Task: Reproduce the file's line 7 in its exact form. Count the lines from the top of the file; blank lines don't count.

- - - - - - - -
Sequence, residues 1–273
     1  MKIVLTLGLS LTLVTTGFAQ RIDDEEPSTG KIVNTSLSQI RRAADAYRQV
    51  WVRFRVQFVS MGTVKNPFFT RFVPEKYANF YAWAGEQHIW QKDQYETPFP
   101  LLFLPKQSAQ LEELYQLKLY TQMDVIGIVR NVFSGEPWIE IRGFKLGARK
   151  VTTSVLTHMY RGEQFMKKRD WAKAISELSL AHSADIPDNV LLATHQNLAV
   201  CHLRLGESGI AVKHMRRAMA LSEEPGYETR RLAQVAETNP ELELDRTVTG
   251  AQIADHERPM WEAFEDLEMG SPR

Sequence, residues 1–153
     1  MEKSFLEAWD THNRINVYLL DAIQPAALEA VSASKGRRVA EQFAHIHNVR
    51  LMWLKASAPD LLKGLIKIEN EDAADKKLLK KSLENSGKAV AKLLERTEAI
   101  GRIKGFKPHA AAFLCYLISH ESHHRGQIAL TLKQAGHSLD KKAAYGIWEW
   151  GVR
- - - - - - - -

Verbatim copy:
   251  AQIADHERPM WEAFEDLEMG SPR